U.S. farm subsidy reform may be tied to budget cuts
WASHINGTON (Reuters) - U.S. farm subsidy cuts of $23 billion would be tied to the creation of a new crop subsidy system under a plan being discussed by Agriculture Committee leaders in Congress, farm lobbyists said on Thursday.
The proposal would end the $5 billion-a-year direct payment subsidy. It would endorse a revenue-assistance program to shield growers from "shallow losses" from poor yields or low market prices as the new basis for the U.S. farm program.
Leaders of the House and Senate agriculture committees aimed to outline the plan in a letter on Friday to the congressional "super committee". That 12-member panel is charged with finding $1.2 trillion in government-wide cuts.
Two lobbyists and a congressional staff worker cited $23 billion as the target for agricultural savings over a decade. Committee aides said discussions were ongoing but cautioned as of Thursday there was no firm agreement.
With cuts all but certain, some farm groups have offered to scrap the direct payment, which is disbursed regardless of need. They would direct part of the $5 billion to deficit reduction and spend the rest on a reformed farm program. Some of the proposals would end all traditional crop subsidies.
The three most frequently cited areas for agricultural cuts are crop subsidies, land stewardship programs and the federally subsidized crop insurance program.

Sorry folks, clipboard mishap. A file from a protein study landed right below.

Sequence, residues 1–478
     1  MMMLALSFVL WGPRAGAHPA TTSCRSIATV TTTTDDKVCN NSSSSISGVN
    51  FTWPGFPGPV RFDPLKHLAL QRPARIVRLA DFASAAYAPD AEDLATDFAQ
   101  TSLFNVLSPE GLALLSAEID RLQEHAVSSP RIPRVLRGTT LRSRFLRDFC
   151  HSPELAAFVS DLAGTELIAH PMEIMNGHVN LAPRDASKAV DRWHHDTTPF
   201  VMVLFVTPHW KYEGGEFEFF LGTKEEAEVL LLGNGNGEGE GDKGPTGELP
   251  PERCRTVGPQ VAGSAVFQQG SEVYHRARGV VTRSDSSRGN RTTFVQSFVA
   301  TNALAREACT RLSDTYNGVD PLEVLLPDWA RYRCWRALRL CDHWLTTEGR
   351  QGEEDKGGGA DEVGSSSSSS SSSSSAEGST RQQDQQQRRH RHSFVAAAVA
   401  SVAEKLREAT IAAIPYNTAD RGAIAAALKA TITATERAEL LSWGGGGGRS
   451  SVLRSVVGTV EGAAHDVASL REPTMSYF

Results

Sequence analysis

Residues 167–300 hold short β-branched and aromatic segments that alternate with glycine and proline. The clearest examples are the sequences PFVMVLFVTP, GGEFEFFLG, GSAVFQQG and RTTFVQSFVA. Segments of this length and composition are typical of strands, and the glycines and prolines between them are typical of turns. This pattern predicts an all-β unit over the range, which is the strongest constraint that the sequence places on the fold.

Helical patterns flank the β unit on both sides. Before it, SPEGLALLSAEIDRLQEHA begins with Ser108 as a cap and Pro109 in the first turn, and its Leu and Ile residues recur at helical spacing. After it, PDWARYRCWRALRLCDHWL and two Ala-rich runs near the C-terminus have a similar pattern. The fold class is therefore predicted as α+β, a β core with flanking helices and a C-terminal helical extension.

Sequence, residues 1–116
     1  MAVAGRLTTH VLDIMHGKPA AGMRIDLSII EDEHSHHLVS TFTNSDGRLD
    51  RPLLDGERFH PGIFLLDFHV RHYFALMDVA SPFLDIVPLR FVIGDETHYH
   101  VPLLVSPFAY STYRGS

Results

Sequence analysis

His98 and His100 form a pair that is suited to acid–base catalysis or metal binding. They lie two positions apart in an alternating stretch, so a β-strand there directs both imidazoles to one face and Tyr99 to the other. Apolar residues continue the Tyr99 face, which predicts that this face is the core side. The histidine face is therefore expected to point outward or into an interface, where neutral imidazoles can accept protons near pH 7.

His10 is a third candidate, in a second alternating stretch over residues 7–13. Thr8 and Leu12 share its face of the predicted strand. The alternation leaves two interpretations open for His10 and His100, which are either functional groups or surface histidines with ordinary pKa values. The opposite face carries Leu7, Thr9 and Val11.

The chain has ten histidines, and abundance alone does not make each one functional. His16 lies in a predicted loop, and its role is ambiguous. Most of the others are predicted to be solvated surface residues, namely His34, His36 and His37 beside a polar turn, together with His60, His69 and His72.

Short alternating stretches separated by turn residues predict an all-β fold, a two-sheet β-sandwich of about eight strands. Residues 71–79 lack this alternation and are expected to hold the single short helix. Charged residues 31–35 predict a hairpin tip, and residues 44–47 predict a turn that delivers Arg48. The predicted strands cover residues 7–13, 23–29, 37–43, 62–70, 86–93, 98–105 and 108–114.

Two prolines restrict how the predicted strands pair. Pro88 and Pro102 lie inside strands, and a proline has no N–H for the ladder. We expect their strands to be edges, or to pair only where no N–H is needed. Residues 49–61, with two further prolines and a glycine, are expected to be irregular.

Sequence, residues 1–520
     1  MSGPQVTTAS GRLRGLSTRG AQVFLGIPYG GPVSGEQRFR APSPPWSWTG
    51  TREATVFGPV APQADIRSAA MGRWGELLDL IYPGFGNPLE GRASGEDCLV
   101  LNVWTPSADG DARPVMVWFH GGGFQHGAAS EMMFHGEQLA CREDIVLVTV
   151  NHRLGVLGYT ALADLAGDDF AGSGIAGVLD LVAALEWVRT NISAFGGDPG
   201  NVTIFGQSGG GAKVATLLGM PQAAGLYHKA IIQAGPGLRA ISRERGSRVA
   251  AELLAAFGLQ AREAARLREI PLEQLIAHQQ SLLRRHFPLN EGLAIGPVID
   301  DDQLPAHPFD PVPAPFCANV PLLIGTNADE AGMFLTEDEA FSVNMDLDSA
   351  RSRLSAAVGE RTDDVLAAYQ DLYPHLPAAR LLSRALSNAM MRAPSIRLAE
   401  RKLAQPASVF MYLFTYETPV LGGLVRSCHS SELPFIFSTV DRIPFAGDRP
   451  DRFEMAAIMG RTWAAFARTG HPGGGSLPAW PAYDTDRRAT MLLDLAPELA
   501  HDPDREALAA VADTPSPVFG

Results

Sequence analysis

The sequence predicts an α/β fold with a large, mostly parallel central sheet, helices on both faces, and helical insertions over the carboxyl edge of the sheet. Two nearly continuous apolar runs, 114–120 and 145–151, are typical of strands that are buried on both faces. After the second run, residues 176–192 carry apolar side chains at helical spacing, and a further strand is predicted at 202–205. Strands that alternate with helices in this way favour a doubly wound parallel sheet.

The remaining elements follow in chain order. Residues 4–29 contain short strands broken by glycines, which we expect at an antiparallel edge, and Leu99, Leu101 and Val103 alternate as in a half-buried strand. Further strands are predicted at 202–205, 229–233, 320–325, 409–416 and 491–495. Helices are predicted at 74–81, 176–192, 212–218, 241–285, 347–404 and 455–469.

If Agriculture Committee leaders go into specifics, they could say whether revenue assistance should be keyed to state, regional or farm income; if it should be a "whole farm" approach or available crop by crop; if the "base acres" eligible for subsidy should be revised and whether subsidies should be paid on planted or harvested area.
Each of those points could change the cost, and appeal, of the program greatly.
Farm income would drop marginally if the direct payment ended. However, an agricultural boom that began in 2006 has boosted overall farm income to record levels.
Some lawmakers say land stewardship and public nutrition programs, such as food stamps, should be cut alongside farm subsidies since all are part of the Agriculture Department. Cuts in land stewardship could push some farmland out of long-term setasides and back into crop production.
The American Farm Bureau Federation, the largest U.S. farm group, has suggested crop supports, nutrition and stewardship programs share equally in the cuts.
Friday is the deadline to offer ideas to the super committee. In turn, it has a deadline of November 23 to present a package and Congress must adopt the plan by December 23 or automatic spending cuts will come into force.
(Reporting by Charles Abbott; Editing by Dale Hudson)
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